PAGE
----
Twitter: @PPuri_Osgoode

LinkedIn: Poonam Puri

Osgoode Investor Protection Clinic

Research Interests: Corporate/Commercial Law

Pilkington, Marilyn L.

Marilyn Pilkington is Associate Professor and former Dean (1993-98) of Osgoode Hall Law School (York University). She joined the faculty in 1980 and retired in 2013. She is co-author (with Frank Iacobucci and Robert Prichard) of Canadian Business Corporations Law (Canada Law Book 1977), co-author of Evidence: A Canadian Casebook (2nd edn. 2006), and author of articles and reports on constitutional law, constitutional litigation, evidence, legal education and enforcement of securities laws. Prior to joining the Osgoode faculty, she served as law clerk to The Hon. Mr. Justice Judson, Supreme Court of Canada, and practised civil litigation with Tory Tory DesLauriers & Binnington (now Torys LLP).  She teaches mainly in the fields of constitutional law, constitutional litigation and evidence. She has also taught trial advocacy, civil procedure, legal profession and a seminar on the North American Free Trade Agreement.

Professor Pilkington has broad experience as a member of university policy bodies, professional regulatory bodies, public policy research institutes, search committees and boards of not-for-profit organizations.  She has served as an elected Bencher of the Law Society of Upper Canada (1999 to 2003), Chair of its Specialist Certification Board, Chair of its Discipline Appeal Panel, and a member of various policy committees and task forces.   She was appointed by the provincial government to the Ontario Council on University Affairs (advising the Minister of Colleges and Universities) and to the Commission on the Future Role of Universities in Ontario. She served for 16 years as a Director and Trustee of the Institute for Research on Public Policy, and she was a  member of the founding taskforce of the Ontario Justice Education Network.  She is a past Director of the Toronto City Mission, a former Governor of the Shaw Festival and a recently retired Trustee of the Royal Ontario Museum. In each of these capacities, she served as chair of the governance committee. She currently serves as a member of the three-person Independent Review Committee of Vanguard Investments Canada.

Ms. Pilkington is experienced as a litigator, adjudicator, and consultant. She has served as an international consultant on the reform of legal education, as an external reviewer of Canadian law school programs, as a consultant to the Senate Foreign Affairs Committee (on constitutional and dispute resolution issues pertaining to the Canada-US Free Trade Agreement), and as a consultant to the Law Society of Upper Canada, governments and law firms. She has contributed to law reform projects on Crown Liability and Commissions of Inquiry. She has adjudicated in the fields of human rights (federally and provincially), professional discipline and university discipline, and is appointed to the roster of candidates to serve on panels established under chapter 19 of the North American Free Trade Agreement.  She is also called upon from time to time to serve as independent chair of corporate and public meetings and to mediate or arbitrate disputes.   She has served as counsel to The Hon. Peter de C. Cory on his review of the Medical Audit System in Ontario and as his co-author on a study of Critical Issues in the Enforcement of Securities Law in Canada for the Task Force on the Modernization of Securities Law in Canada.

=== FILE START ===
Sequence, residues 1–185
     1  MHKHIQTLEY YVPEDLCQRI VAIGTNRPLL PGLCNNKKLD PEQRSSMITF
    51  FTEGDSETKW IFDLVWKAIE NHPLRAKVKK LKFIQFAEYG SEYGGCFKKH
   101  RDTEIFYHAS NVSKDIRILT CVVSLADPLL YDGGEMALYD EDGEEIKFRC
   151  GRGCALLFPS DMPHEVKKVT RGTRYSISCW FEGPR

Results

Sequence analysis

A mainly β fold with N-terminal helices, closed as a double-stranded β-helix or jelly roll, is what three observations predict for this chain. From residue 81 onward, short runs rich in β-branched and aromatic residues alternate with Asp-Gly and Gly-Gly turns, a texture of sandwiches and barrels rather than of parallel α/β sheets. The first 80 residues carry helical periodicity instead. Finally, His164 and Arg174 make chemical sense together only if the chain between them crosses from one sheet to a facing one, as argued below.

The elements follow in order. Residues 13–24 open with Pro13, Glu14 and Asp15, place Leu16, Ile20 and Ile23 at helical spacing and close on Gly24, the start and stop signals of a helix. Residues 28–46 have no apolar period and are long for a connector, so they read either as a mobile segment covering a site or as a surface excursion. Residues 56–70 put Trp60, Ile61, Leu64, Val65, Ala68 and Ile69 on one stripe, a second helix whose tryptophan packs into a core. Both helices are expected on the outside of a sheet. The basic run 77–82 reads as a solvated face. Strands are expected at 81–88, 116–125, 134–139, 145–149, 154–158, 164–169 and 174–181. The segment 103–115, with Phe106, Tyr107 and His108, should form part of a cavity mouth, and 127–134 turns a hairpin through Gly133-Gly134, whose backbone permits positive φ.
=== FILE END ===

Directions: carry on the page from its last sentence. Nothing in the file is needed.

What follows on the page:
Under Marilyn Pilkington’s leadership as Dean, Osgoode Hall Law School restructured in response to significant government funding cuts. Enrolment in the LLB program was reduced to facilitate improvements to the program, and significant new initiatives and enrolments were developed at the graduate level, including the Osgoode Professional Development program for practising lawyers.  The OPD is a unique program responding to the need for advanced and specialist education beyond the JD and, in addition to a range of continuing legal education programs, offers part-time LLM programs in more than fifteen specialist fields.   During her deanship, substantial external funding was attracted to the Law School to support program development, facilities renewal, bursaries and new research initiatives.  Despite the deep financial cuts, no deficits were incurred and the academic budget was significantly expanded. This strategic development of the law school emerged from the prior work of the Special Committee on Academic Planning, which Professor Pilkington had chaired.

Research Interests: Public Law, Corporate/Commercial Law, Legal Profession

McCamus, John D.

John D. McCamus has been a Professor at Osgoode Hall Law School since 1971.  Prior to his faculty appointment, he served as Law Clerk to the Honourable Mr. Justice Laskin of the Supreme Court of Canada.  He teaches Contract, Commercial and Consumer Transactions, Contract Remedies, and Restitution. Professor McCamus is the author of The Law of Contracts, The Law of Restitution, editor of Freedom of Information: Canadian Perspectives, and co-editor of National Security:  Surveillance and Accountability in a Democratic Society, and Cases and Materials on Contracts, 3d ed.  Additionally, he has written several articles covering various aspects of the law of restitution, contracts, freedom of information, and the protection of privacy.  He is a member of the Advisory Committee for the Restatement of Restitution 3d.  Professor McCamus has a notable history of contribution to law reform efforts.  He has produced a number of research monographs for the Ontario Law Reform Commission and served as its Chair from 1992 to 1996.  In 1996-97, he chaired the Ontario Legal Aid Review.  Professor McCamus served as Dean of the Law School from 1982 to 1987.  His academic service also includes former positions as Assistant and Associate Dean, and Director of Osgoode Hall Law School’s Graduate Program.